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Operating funds

'ER' surgeons Edwards, Wyle cut huge deals

NEW YORK — Warner Bros. has sewn up deals that will keep “ER” stars Anthony Edwards and Noah Wyle in scrubs through the 2001-2002 season at record salaries for a drama, insiders said.

First to get a new deal was Edwards, the linchpin of the drama. Warner Bros. has signed him to a deal worth in the neighborhood of $35 million; it gives him a dramatic raise for the next two seasons (for which he he was already contracted), and keeps him in the fold for an additional two seasons. The deal makes him by far the highest-paid actor in a dramatic series.

Wyle has just signed an extension similar in structure, but at a salary said to be a bit less than what Edwards will make. WB will now look to lock new deals with original core castmembers Eriq La Salle and Julianna Margulies.

The negotiating flurry was not unexpected, coming six months after Warner Bros. reaped a record-high license fee from NBC to keep the top-rated drama from defecting to another network. At the time, NBC was bracing for the end of “Seinfeld” and had just lost rights to National Football League games.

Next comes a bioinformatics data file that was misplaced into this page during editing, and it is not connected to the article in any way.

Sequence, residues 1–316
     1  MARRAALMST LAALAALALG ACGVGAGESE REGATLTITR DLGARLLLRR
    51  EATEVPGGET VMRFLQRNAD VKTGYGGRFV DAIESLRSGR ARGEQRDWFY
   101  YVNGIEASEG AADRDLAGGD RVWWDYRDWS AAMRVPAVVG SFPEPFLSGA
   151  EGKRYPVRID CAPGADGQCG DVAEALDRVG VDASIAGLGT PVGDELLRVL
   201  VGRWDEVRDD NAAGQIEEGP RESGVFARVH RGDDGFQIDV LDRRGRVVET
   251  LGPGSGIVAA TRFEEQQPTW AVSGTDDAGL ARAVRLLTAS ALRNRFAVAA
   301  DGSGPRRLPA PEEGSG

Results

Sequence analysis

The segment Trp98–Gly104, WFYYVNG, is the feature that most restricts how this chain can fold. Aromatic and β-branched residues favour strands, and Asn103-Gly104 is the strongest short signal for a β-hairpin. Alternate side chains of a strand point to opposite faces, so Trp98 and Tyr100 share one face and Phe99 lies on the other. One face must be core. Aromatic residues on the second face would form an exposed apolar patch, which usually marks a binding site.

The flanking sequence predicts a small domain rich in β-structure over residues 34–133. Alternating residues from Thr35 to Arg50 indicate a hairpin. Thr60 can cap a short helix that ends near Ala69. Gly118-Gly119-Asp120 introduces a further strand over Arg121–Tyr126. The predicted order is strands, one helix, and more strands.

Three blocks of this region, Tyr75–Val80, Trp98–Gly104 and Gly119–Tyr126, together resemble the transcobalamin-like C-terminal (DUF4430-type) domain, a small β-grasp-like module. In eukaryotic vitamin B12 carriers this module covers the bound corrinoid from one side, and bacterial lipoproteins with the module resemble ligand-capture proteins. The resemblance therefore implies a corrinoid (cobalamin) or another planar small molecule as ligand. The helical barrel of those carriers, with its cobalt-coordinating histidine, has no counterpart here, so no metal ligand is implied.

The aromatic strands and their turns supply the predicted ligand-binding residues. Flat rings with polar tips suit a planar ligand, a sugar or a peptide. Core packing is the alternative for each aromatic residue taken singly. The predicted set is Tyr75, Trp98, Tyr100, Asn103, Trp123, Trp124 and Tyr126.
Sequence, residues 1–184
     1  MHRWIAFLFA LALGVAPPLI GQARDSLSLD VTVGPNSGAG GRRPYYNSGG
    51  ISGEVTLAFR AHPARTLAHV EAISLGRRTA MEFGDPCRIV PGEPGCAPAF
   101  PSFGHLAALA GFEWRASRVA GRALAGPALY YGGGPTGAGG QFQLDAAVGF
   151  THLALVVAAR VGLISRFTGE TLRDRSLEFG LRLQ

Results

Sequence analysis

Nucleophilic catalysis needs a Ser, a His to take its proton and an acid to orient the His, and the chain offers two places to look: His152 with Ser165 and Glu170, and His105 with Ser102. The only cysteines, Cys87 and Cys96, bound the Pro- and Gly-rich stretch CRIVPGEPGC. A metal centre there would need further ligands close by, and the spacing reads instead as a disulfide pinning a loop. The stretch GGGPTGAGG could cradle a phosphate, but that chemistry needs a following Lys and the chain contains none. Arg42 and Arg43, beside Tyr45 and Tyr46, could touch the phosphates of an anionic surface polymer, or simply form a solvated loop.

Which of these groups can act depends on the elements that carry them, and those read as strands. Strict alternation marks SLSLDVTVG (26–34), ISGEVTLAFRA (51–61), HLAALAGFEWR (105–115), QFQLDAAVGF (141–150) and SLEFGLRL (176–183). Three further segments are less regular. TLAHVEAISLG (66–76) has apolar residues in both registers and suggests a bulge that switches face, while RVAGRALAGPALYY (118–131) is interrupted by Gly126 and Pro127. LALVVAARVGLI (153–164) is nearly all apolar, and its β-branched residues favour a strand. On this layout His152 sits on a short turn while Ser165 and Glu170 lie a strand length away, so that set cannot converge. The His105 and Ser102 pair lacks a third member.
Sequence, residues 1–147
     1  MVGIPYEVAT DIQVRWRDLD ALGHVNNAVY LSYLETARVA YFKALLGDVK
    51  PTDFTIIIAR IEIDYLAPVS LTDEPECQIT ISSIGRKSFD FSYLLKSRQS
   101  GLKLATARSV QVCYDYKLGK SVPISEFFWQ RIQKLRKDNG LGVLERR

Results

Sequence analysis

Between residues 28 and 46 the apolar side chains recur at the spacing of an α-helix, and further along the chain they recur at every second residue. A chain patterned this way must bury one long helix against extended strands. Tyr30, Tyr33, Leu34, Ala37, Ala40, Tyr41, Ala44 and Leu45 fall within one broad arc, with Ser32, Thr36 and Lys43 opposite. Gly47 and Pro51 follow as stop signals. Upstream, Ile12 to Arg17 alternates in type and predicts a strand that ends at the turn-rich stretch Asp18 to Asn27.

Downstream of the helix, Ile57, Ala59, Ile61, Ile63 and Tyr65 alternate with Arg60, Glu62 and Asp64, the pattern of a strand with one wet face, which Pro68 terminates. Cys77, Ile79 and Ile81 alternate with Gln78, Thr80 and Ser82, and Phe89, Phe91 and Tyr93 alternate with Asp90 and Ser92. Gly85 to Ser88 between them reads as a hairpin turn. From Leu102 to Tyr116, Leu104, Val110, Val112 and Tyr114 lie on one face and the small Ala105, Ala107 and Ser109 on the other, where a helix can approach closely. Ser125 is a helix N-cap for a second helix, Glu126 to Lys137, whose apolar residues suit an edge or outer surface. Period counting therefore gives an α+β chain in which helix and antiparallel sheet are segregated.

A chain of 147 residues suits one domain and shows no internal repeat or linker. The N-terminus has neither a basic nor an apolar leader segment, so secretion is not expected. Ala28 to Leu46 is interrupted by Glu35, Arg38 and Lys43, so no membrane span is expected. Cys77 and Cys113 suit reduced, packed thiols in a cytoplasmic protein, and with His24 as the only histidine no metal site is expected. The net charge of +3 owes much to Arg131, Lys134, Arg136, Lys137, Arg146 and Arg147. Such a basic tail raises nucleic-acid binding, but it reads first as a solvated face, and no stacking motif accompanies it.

The web agreed to pay a license fee of $13 million per show over three seasons to keep “ER” on its airwaves. That guaranteed the studio around $858 million in fees, not including over $1 million an episode more in revenues that WB has contracted for in a syndication deal to start this fall.

Shortly after the landmark deal, the key castmembers were given envelopes containing bonuses said to contain $1 million each, but it was inevitable that WB would have to go further and pony up to keep its stars in the fold. The deals with Edwards and Wyle actually give WB hold over the stars one season beyond the expiration of that landmark pact with NBC.

The most important signing for WB was Edwards, who began the show as its top-salaried surgeon along with George Clooney. With Clooney ankling after the coming season to concentrate on features, WB and exec producer John Wells aggressively courted Edwards.

While it hardly makes a dent in the studio’s license fee take, Edwards will become TV’s best-paid star in a dramatic series, earning nearly $400,000 an episode for those next four seasons. While “Home Improvement” star Tim Allen is rumored to now earn $1.25 million an episode and “Mad About You” stars Paul Reiser and Helen Hunt each earn around $1 million an episode, megabuck salaries for dramas are harder to come by. For instance, “X-Files” star David Duchovny is reported to earn $110,000 an episode while co-star Gillian Anderson earns $100,000 per show.

Wyle’s exact dollar figure was not obtainable, but insiders said it guarantees a per-show salary much closer to Edwards than that of Duchovny. Wyle’s “ER” role has grown each season and the fact that WB got his deal done right behind that of Edwards indicates that the show’s creators expect him to fill the hole that Clooney will leave when he exits the series.

Warner Bros. declined to comment on the salary upgrades.

Edwards was repped by manager Steve Lovett and agented by UTA; Lovett said he “does not comment on my client’s deals.” Wyle was repped by the IFA talent agency and attorney Geoffrey Oblath. Neither would comment.

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